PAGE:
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Andrew Yang on Joe Biden's presidential campaign

What I'd want Joe to do, is that we have to let the American people know that this pandemic is going to cause damage that's going to be with us for years. And we need a new Marshall Plan scale initiative to rebuild the country. And to me, that should be the vision that Joe presents saying, it's not just enough that, look, I would in minister the government effectively through this kind of crisis, but to recognize the fact that there are going to be scars that are deep and wide from this economic, psychological, cultural, and that we need to have this massive rebuilding effort that is going to span years and years.

And this is what the rebuilding effort looks like. We're going to make investments in this. Some of the obvious ones are the things that we've needed for years or decades like greater environmental sustainability infrastructure, things that you could legitimately spend hundreds of billions of dollars on and create hundreds of thousands, even millions of jobs. That to me would be the vision that we should be presenting because the danger is that this becomes just pure referendum on Trump. And I think that Trump's done a terrible job managing the coronavirus crisis. But there is a natural propensity for people to rally around the flag and rally around the leader in a time of crisis. And Joe has to make a positive case and present a bigger vision than I'm not Trump, let's go back to normal.

Ian Bremmer: And when can he start doing that? Because I mean right now of course, I mean not only do we have these press conferences every day, but we're in the teeth of the crisis. We haven't turned the corner yet. People are still under lock down. Can Biden start to deliver that message now or I mean does he really realistically speaking have to wait until we at least have the immediacy, the urgency of all of these people dying in the rear view mirror?

Andrew Yang: That's a great question, Ian. I personally do not think it is too soon to start presenting a positive vision of what we can do after this crisis. Even in the depths of the crisis, even right now when, I agree with you, to me, priority number one is just getting PPE into the hands of healthcare providers in Louisiana. That's number one. And so focusing on that is 100% the right thing to do, but it's not too soon to start thinking about how we're going to actually rebuild after this crisis clears, whether that's weeks, months from now or even next year after hopefully a vaccine gets developed. To me that's one of the roles of the presidency is to present a vision to the country that people can get excited about and passionate about.

Now that Joe Biden is officially US president, leaders from around the world would like a word with him — but where will he make his first international trip?

After a tumultuous four years, many countries are now clamoring for a face-to-face with President Biden. That includes allies who felt abandoned by Trump's "America First" presidency, as well as adversaries with thorny issues on the agenda. We check in on who's pitching him hardest on a near-term state visit.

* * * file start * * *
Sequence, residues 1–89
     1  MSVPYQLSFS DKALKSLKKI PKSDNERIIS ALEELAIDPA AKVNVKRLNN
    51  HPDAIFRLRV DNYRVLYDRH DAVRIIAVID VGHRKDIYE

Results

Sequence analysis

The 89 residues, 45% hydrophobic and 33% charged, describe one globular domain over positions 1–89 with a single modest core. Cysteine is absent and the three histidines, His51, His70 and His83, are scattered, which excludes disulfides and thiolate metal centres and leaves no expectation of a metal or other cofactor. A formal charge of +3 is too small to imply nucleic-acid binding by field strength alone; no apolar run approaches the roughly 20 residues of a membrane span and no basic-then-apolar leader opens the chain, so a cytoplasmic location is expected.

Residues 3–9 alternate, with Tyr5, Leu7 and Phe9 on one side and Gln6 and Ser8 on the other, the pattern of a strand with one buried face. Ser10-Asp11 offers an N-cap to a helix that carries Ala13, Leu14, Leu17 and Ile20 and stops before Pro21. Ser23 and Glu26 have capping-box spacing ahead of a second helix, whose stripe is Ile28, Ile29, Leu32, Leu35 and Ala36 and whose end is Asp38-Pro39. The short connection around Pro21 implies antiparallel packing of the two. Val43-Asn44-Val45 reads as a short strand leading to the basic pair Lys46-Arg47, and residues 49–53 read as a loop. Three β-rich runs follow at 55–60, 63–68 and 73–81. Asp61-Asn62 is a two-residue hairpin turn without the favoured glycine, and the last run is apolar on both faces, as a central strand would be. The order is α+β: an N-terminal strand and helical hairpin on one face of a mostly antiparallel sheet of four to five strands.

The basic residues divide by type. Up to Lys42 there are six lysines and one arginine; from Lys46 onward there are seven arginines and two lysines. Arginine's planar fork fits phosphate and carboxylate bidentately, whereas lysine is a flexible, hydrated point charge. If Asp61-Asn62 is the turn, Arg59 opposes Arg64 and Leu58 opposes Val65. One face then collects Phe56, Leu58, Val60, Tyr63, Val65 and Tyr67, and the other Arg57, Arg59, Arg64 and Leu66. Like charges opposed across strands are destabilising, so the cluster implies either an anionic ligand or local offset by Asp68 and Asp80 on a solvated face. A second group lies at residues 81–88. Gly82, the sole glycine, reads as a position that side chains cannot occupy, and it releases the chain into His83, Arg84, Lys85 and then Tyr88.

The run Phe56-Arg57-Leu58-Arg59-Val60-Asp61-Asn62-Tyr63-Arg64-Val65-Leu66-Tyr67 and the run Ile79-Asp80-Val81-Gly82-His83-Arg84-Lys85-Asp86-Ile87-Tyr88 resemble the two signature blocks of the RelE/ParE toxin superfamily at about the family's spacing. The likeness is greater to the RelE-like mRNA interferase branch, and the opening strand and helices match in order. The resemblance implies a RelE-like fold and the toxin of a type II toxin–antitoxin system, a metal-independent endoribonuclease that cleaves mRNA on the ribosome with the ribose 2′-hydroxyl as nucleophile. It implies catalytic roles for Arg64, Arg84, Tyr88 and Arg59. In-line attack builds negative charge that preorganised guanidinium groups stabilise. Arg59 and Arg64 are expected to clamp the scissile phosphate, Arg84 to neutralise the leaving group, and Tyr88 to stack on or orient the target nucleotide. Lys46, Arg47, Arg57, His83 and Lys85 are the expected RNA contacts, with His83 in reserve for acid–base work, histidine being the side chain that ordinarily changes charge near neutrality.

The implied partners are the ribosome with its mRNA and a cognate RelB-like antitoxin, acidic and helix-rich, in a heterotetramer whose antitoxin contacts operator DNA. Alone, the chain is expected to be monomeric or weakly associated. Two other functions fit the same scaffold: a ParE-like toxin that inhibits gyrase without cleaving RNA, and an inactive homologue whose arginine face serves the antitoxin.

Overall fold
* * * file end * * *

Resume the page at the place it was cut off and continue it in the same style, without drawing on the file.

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Jon Lieber, Managing Director of the United States for the Eurasia Group, shares his insights on what to expect from President Biden's first 100 days:

It's Inauguration Day. And you can see behind me the Capitol Building with some of the security corridor set up that's preventing people like me from getting too close to the building, as Joe Biden gets sworn in as our 46th president. Historic day when you consider that you've got Kamala Harris, the first woman vice president, the first woman of color to be vice president.

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On Wednesday, Joe Biden will become president because eighty-one million Americans, the highest tally in US history, voted to change course after four years of Donald Trump's leadership. Like all presidents, Biden and his vice president, Kamala Harris, take office with grand ambitions and high expectations, but rarely has a new administration taken power amid so much domestic upheaval and global uncertainty. And while Biden has pledged repeatedly to restore American "unity" across party lines — at a time of immense suffering, real achievements will matter a lot more than winged words.

Biden has a lot on his agenda, but within his first 100 days as president there are three key issues that we'll be watching closely for clues to how effectively he's able to advance their plans.

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Kamala Harris was sworn in today as the first woman Vice President of the United States. That means she's only a heartbeat away from occupying the Oval Office — and could well be the Democratic candidate to replace Joe Biden if the 78-year-old president decides to not run for reelection in 2024. Should Harris — or another woman — become US president soon in the future, that'll (finally) put America on par with most of the world's top 20 economies, which have already had a female head of state or government at some point in their democratic history. Here we take a look at which ones those are.

The GZERO World Podcast with Ian Bremmer. Listen now.


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